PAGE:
However for all the declarations that were released to the media before and during the “festive” event, throughout the entire press conference, including Obstfeld and Lagarde’s detailed briefings, and even during the question-answer period allocated for journalists, the pair of words, “trade war” was conspicuously absent. The threat of a war as a concrete scenario at hand was not mentioned at all, although this possibility was hovering in the air for a long time. How long? At least from the very first day that US President elect Donald Trump sat down behind the ancient Resolute desk in the Oval Office, perhaps even earlier. Ironically, that very same day, January 22nd, 2018, just a few hours after the guests dispersed following the traditional media update, President Trump signed a special, maybe even historical order which is now considered to have been the opening shot of the current trade war; a war that shook the world and its markets in a way we had never seen before – at least not since that famous and traumatic crisis that erupted at the end of the last decade.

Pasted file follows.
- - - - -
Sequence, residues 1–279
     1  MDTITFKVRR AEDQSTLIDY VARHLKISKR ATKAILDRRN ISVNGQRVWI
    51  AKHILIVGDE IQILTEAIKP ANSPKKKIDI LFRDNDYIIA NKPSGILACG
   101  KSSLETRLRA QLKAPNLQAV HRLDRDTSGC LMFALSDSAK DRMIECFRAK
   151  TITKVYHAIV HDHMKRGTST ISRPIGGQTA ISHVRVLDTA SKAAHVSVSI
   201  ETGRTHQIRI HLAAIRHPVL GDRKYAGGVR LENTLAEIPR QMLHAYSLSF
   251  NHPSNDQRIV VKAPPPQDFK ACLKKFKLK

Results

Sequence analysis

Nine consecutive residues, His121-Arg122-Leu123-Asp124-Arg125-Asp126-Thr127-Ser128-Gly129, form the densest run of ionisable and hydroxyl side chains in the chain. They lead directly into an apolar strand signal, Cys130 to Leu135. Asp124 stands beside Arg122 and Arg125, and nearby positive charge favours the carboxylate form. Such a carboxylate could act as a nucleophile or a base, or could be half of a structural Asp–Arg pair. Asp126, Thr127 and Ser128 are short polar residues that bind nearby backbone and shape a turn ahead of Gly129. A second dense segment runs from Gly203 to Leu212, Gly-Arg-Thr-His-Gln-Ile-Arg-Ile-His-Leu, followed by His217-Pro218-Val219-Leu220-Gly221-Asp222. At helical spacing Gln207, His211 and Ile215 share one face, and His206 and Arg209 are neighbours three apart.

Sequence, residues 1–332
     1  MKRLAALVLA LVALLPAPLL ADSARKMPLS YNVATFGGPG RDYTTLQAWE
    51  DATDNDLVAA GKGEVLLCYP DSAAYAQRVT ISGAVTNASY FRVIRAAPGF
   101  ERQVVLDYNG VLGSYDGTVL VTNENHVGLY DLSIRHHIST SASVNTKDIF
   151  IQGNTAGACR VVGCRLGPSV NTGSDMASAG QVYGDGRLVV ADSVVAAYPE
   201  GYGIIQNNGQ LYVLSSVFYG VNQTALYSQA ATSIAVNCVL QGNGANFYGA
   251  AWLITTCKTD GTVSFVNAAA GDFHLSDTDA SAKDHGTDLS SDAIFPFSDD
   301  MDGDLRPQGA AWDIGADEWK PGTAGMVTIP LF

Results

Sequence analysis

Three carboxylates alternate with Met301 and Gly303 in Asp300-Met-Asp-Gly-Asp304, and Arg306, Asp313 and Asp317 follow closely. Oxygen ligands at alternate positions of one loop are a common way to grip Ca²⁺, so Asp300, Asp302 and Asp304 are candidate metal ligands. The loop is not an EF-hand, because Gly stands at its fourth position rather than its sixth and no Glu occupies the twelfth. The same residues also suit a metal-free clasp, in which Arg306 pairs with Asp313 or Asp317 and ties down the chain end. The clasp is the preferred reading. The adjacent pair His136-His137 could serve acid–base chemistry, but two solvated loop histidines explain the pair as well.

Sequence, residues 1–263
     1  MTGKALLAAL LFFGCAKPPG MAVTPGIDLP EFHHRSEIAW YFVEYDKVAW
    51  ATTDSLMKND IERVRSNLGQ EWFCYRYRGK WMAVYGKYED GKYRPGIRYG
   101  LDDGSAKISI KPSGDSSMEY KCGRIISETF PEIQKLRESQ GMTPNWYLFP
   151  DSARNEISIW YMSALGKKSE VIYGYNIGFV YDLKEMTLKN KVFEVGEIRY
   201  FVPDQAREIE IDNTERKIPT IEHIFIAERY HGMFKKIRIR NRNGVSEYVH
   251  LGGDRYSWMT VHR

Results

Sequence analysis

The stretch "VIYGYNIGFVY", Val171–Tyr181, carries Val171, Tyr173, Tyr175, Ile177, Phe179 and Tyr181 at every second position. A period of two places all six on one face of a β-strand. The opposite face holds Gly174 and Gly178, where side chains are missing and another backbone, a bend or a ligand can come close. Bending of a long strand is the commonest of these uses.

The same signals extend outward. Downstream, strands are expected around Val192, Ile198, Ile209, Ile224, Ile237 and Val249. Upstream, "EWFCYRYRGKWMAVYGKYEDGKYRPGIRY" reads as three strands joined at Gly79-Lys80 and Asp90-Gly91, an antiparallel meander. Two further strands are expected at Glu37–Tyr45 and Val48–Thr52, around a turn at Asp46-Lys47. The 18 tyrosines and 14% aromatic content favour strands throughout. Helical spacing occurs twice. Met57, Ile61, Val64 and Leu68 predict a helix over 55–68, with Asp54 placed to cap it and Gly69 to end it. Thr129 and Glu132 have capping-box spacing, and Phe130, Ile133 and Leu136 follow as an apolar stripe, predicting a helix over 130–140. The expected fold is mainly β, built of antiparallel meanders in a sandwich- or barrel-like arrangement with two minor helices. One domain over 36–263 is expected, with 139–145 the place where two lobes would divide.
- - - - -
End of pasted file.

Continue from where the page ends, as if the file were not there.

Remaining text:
Imposing 30% customs tax on the import of solar panels (and washing machines), per the presidential order, was like sticking a finger in the eye of the Chinese giant and the first practical move after years of foreplay. Just about a month later, the White House announced additional customs taxes, this time on steel and aluminum imports. This act, tantamount to a declaration of war (according to the president’s own statement), which was aimed first and foremost at China, could not, of course, go unanswered. In response, China announced taxes on the import of metal and steel products as well as various agricultural products from the USA with a “scope of impact” of around $3 billion – and from there on in the conflict began to escalate and deteriorate at an astonishing pace, which surprised even veteran warhorses of the world trade arena. They have already gone on to define it, not surprisingly, as “the greatest trade war in history”.